Friday, 2 November 2012

Heroine or Hoyden?

Ham House South Front
This post is more a nostalgic one as I haven't been able to get to Ham House recently, but it deserves as many mentions as I can make, being the home of Elizabeth Murray, the heroine of my next book.
My last visit there was after a heavy rainstorm in Autumn when the footpath along the Thames towpath from Richmond overflowed so I had to paddle part of the way.  I'll use the Petersham Road next time!

It's interesting, well to me at any rate, that the original builder, and it's second owner, whose family inhabited it until the early 20th Century, were Scottish. In 1610 Thomas Vavascour, Knight Marshall at the court of King James I, commissioned the house which Charles I subsequently awarded to his childhood friend, William Murray.

The guides at Ham House are particularly passionate about Elizabeth Murray, but not necessarily in a good way-describing her as being Cromwell's alleged mistress, having possibly poisoned her first husand so she could marry her second, and who lived out an impoverished old age tapping her stick along the hallways and snapping at the servants who managed to put up with her. Oh, and her malavolent ghost aunts the place too, digging people in the back as they descend the stairs.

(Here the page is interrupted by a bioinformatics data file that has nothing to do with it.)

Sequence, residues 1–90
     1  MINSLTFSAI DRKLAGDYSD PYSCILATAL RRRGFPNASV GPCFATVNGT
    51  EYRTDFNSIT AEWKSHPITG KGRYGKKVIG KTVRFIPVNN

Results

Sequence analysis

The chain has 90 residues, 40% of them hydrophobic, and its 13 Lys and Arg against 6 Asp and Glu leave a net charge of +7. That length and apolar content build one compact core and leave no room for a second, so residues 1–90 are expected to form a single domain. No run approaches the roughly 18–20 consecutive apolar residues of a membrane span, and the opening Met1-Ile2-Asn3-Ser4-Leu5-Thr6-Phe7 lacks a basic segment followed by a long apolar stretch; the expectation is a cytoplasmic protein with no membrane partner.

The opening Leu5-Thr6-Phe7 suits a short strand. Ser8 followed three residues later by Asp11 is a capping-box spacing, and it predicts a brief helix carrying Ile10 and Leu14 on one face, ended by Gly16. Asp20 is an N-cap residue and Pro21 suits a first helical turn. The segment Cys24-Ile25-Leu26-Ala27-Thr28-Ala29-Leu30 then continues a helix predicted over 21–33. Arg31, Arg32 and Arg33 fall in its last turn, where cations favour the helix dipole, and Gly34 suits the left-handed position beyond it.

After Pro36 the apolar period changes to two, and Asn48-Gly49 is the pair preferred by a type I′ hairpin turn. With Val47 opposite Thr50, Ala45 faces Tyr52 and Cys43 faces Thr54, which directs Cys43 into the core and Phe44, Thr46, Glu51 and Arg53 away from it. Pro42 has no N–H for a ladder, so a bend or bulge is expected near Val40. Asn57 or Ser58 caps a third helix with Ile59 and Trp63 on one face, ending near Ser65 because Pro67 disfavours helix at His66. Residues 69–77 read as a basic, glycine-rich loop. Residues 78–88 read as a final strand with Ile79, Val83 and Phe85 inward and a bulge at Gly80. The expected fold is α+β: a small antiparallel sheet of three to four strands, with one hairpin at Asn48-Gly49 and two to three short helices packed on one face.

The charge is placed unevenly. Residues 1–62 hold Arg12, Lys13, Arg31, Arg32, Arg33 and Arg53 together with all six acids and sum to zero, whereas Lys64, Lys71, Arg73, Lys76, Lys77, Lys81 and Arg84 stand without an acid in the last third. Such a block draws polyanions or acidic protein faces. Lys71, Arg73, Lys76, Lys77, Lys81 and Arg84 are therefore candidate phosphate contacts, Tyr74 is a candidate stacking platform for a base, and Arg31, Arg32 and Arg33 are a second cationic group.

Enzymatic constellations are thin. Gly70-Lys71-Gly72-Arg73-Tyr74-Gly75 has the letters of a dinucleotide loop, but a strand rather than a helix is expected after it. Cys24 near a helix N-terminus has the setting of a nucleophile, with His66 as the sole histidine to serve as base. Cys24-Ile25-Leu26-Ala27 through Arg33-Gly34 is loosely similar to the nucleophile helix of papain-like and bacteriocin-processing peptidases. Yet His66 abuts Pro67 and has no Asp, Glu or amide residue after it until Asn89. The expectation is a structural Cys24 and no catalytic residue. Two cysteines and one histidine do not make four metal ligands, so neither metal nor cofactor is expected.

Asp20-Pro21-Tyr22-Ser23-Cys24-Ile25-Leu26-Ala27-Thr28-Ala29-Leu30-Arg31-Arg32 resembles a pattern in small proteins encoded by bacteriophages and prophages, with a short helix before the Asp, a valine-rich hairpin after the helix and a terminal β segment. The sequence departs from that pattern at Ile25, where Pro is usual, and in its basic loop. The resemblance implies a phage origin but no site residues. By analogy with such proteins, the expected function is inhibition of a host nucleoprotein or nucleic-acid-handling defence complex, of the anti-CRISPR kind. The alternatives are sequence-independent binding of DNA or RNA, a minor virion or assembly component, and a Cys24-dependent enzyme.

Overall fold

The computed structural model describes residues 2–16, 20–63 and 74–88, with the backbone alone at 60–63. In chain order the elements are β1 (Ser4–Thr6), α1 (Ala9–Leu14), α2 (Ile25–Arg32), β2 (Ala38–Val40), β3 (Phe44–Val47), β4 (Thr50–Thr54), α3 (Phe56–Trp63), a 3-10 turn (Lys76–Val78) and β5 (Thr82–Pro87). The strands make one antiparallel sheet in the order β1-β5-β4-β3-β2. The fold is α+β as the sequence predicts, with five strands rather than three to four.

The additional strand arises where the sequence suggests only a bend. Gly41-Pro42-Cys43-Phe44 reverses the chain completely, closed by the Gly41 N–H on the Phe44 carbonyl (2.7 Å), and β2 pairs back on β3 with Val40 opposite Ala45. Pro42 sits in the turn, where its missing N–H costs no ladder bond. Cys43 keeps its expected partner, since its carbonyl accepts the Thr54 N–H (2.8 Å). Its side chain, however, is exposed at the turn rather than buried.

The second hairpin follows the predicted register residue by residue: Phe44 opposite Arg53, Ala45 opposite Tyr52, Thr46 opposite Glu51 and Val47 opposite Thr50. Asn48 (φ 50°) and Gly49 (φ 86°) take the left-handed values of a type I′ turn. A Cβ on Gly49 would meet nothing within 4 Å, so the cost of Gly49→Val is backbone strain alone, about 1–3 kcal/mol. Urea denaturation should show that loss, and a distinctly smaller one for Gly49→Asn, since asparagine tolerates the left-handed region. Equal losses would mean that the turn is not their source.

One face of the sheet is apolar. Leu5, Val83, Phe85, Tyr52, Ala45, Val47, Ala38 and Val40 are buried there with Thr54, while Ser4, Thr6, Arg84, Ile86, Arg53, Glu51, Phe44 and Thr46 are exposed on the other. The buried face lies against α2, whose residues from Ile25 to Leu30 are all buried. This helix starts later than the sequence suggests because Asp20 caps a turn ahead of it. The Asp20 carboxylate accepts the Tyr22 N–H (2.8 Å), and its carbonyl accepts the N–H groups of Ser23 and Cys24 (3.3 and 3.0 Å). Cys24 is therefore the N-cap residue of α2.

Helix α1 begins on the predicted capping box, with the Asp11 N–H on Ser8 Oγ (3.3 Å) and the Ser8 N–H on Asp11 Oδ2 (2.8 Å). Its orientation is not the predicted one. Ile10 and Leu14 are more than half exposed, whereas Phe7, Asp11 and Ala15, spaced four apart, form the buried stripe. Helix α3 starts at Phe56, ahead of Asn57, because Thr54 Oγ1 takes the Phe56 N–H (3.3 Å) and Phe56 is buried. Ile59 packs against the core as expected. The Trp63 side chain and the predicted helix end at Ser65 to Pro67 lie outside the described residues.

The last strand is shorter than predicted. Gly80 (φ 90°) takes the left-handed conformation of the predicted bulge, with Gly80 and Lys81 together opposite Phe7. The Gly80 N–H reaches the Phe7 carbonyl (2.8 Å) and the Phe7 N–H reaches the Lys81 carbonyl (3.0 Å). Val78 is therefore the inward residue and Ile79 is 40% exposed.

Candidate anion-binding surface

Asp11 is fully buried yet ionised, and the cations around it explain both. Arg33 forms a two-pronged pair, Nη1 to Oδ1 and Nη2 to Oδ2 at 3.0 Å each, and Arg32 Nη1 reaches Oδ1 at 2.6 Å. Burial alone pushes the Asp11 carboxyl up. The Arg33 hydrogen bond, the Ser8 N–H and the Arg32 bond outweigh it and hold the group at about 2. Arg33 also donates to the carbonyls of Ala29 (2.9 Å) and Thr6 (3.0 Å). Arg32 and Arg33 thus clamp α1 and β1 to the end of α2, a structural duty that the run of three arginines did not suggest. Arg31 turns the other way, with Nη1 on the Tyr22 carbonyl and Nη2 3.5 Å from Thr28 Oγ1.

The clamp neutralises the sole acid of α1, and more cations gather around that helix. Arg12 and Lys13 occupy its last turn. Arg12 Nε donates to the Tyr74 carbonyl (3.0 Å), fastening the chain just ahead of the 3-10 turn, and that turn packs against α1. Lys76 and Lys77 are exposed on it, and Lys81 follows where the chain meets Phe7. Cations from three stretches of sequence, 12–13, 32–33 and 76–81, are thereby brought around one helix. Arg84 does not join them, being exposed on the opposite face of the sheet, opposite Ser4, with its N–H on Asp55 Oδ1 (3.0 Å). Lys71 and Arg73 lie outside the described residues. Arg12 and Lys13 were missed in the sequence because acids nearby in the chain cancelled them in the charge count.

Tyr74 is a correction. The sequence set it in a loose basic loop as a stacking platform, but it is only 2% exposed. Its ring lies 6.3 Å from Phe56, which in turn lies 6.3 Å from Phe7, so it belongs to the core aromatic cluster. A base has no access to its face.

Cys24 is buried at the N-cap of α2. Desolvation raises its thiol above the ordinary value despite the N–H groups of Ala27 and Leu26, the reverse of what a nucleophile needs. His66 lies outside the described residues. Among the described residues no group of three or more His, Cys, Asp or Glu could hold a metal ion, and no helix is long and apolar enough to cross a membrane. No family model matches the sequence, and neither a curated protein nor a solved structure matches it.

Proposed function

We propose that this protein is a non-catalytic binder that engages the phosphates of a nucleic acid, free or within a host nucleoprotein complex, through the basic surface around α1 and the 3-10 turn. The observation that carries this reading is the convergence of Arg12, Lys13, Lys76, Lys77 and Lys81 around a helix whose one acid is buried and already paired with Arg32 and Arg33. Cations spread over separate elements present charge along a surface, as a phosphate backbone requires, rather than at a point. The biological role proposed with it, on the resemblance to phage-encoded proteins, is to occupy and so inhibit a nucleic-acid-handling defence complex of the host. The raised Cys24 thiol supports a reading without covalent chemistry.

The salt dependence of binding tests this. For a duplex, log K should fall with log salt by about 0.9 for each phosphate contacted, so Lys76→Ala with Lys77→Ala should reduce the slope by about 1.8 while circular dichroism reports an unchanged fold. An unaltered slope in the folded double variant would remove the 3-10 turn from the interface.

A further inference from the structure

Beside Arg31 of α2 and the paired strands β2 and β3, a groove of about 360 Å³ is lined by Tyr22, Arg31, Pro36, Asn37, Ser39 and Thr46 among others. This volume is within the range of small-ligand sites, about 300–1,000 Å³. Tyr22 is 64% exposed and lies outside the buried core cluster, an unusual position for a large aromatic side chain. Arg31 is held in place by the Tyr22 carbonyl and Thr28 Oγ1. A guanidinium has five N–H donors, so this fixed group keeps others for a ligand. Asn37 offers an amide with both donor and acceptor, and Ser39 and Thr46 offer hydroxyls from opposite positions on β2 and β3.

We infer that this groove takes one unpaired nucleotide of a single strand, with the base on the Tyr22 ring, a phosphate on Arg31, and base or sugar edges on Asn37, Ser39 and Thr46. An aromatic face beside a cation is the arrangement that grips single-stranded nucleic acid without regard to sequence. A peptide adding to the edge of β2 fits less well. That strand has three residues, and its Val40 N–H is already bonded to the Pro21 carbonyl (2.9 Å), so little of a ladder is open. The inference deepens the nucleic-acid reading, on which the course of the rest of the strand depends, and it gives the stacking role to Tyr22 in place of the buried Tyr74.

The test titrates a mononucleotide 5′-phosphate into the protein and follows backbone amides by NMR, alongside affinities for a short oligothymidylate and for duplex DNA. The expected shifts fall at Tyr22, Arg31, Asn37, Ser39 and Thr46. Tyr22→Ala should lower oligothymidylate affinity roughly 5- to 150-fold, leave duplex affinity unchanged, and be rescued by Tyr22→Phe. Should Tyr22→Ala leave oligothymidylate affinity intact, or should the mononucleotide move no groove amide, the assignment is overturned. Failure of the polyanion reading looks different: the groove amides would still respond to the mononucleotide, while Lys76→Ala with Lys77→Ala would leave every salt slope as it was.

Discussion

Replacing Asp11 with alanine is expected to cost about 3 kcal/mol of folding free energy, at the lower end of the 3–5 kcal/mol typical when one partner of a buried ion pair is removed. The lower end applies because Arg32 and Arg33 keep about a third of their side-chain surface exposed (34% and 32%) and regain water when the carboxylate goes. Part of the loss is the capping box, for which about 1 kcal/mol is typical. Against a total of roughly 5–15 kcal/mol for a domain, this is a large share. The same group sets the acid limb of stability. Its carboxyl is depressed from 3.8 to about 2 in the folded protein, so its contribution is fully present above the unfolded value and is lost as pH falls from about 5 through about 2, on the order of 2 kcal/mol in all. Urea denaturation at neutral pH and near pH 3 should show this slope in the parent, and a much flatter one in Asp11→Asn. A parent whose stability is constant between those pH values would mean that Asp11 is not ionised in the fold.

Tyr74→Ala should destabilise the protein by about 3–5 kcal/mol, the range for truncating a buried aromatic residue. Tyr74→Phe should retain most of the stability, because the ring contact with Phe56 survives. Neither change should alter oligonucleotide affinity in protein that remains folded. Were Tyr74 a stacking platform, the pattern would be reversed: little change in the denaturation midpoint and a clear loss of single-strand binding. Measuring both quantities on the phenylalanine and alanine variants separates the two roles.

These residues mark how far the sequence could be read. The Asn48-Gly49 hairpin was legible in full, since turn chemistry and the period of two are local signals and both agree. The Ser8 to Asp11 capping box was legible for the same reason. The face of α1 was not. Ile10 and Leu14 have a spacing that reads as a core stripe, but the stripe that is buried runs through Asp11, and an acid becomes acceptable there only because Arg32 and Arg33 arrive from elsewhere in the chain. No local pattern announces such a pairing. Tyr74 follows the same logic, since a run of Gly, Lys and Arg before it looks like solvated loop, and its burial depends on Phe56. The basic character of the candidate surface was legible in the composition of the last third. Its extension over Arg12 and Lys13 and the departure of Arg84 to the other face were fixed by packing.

There are two Lely portraits at Ham of Elizabeth, both showing an ethereal looking young woman, one at eighteen and the other in her early twenties, tiny in stature with wispy red-blonde hair and sleepy eyes.  Reputedly, Oliver Cromwell was fascinated with her when she was barely out of her teens, her first husband adored her and her second husband defied convention and married her six weeks after his wife's death thus scandalising society and with little chance of obtaining an heir to his dukedom as she was forty four.
Her mother, the inimitble catherine Bruce Murray fought the Surrey Sequestration Committee throughout the Civil War to keep Ham House, and managed it even when William Murray remained at the exiled court of Charles I in Oxford and was arrested for spying in 1646.

Surely there was more to this woman than a sharp temper?  The house she loved and fought for is certainly impressive, and she and her second husband, John Maitland, Duke of Lauderdale, transformed it into a palace suitable to entertain King Charles II.

In 1678, The Diarist John Evelyn wrote:  “After dinner I walked to Ham, to see the house and garden of the Duke of Lauderdale, which is indeed inferior to few of the best villas in Italy itself; the house furnished like a great Prince's; the parterres, flower-gardens, orangeries, groves, avenues, courts, statues, perspectives, fountains, aviaries, and all this at the banks of the sweetest river in the world, must needs be admirable”.
Main Hall at Ham House

Royalist Rebel by Anita Seymour will be available from Claymore Books in January 2013

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